And it got to be more. There was hardly anything to eat. Countless fellow countrymen starved to death, died of illnesses, were killed. We were all doomed. The camp Jarek became hell.
Into the camp constantly came new transports of fellow countrymen, among them were also further relatives: My grandparents (the parents of my father), the grandparents of my husband, on his mother’s and father’s side, a cousin two years old, a cousin seven years old and Toni, a neighbor, who only had one arm. After several days my two-year-old cousin died. Toni was brutally battered by the guards and locked into a cellar without food or drink. A man came to us, who was looking for men, who were to work for him outside of the camp. We gave him Toni’s name. The man had compassion on the one-armed man and bought Toni from the administration of the camp. Thereby he cheated certain death.
The pregnant young woman from Gajdobra has brought her child into the world without physician and midwife, on a small heap of straw. Both died shortly after. Also my grandparents (Johann Annasenzl and Elisabeth, née Flock), the grandparents of my husband on his father’s side (Johann Abel and Magdalena, née Wunderlich), my husband’s grandparents on his mother’s side (Adam Tillinger and Katharina, née Tritschler) have succumbed to a miserable death.
Mass graves in the Jarek cemetery (in the year 1965).
(See also: The Internment Camp Jarek)
Mass graves behind the Jarek cemetery (in the year 1965).
(See also: The Internment Camp Jarek)
In order that my two small children would get something to eat at least every once in awhile, I have not eaten anything for days. My little Hildegard, however, did not do well health wise. I was distraught and impotent to see how her body became constantly weaker. Regrettably it wasn’t enough for my little Hildegard. In October 1945 she died miserably in my arms. She didn’t even get to be two years old. From old wooden sticks we fashioned a makeshift coffin-like frame, put her into it and put it down in front of the house. When the death-cart arrived with the guards, one of them had stepped on it and trampled around my dead Hildegard. He then threw my dead child in a high arc onto the death-cart. Such brutality of this Tito-partisan was incomprehensible to me. I was dejected and at an end with my strength.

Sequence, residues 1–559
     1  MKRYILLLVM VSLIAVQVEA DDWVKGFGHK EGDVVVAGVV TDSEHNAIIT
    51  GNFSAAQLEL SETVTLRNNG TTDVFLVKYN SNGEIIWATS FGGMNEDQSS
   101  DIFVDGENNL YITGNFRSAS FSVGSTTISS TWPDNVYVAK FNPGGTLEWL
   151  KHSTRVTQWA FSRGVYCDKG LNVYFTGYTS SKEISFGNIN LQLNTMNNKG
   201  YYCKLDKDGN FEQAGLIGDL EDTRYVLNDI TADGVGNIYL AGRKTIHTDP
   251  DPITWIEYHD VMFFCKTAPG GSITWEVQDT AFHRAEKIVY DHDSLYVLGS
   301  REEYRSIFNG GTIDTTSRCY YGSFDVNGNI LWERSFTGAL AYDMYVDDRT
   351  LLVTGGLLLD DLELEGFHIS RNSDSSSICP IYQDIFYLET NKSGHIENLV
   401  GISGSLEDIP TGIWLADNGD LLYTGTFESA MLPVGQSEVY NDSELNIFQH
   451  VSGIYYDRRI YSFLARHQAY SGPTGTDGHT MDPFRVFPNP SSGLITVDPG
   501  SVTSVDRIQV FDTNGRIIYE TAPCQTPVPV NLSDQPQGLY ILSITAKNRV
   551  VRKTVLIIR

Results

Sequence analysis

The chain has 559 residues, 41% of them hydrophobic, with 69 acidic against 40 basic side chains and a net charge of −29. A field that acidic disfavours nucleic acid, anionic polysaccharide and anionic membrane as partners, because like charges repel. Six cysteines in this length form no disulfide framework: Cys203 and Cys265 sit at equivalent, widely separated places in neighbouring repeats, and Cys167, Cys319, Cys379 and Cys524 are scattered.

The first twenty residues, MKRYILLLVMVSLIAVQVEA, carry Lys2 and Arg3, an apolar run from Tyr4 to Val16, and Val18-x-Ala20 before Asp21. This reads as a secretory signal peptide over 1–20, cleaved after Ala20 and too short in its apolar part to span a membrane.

But suddenly there was the possibility to get to a salasch to work there. I have reported and I succeeded in getting to the Kamendin-Puszta with my daughter Leni. Although I was very weak physically, I gathered new optimism and performed difficult field and stable work. I was able to secretly bring something to eat for my daughter and me. However, this was strictly forbidden.
At the beginning of January 1946 a transport from Gajdobra arrived in Jarek. The inmates had to travel the far distance on foot during icy cold and snow. Through a watchman at our salasch, who was also deployed at Camp Jarek, I learned that my mother, too, was with that transport (Theresia Annasenzl, née Eichinger).
That she was still alive and was near here was like a miracle to me. I tried everything humanly possible to get her out of Camp Jarek and to bring her to me and my daughter Leni at the salasch.